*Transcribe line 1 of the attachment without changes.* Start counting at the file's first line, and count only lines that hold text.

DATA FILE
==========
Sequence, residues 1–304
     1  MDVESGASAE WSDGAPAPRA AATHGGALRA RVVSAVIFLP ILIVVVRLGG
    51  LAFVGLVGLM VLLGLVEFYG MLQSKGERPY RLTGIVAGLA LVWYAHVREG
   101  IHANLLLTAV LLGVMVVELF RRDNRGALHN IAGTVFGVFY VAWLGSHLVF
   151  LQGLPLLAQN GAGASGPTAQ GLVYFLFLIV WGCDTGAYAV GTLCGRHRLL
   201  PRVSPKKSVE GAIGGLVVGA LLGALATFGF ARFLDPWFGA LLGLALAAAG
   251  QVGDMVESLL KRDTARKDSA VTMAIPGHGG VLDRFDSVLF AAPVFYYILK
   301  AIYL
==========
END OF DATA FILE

Sequence, residues 1–304